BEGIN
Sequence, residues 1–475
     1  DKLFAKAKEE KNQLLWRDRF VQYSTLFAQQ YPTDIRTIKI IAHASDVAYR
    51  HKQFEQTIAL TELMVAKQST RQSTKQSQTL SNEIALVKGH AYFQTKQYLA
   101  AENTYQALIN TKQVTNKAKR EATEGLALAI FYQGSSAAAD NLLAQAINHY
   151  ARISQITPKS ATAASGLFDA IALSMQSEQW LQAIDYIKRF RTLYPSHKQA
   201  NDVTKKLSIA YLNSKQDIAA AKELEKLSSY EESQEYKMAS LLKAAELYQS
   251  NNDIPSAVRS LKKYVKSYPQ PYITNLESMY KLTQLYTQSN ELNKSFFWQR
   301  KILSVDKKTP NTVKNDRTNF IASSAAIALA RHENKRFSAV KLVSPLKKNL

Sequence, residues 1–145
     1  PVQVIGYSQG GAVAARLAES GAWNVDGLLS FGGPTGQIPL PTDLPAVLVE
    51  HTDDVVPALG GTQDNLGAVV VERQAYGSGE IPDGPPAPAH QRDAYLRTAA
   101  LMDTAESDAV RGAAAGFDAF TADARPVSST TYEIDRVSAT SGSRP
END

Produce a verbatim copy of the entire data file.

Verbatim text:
Sequence, residues 1–475
     1  DKLFAKAKEE KNQLLWRDRF VQYSTLFAQQ YPTDIRTIKI IAHASDVAYR
    51  HKQFEQTIAL TELMVAKQST RQSTKQSQTL SNEIALVKGH AYFQTKQYLA
   101  AENTYQALIN TKQVTNKAKR EATEGLALAI FYQGSSAAAD NLLAQAINHY
   151  ARISQITPKS ATAASGLFDA IALSMQSEQW LQAIDYIKRF RTLYPSHKQA
   201  NDVTKKLSIA YLNSKQDIAA AKELEKLSSY EESQEYKMAS LLKAAELYQS
   251  NNDIPSAVRS LKKYVKSYPQ PYITNLESMY KLTQLYTQSN ELNKSFFWQR
   301  KILSVDKKTP NTVKNDRTNF IASSAAIALA RHENKRFSAV KLVSPLKKNL

Sequence, residues 1–145
     1  PVQVIGYSQG GAVAARLAES GAWNVDGLLS FGGPTGQIPL PTDLPAVLVE
    51  HTDDVVPALG GTQDNLGAVV VERQAYGSGE IPDGPPAPAH QRDAYLRTAA
   101  LMDTAESDAV RGAAAGFDAF TADARPVSST TYEIDRVSAT SGSRP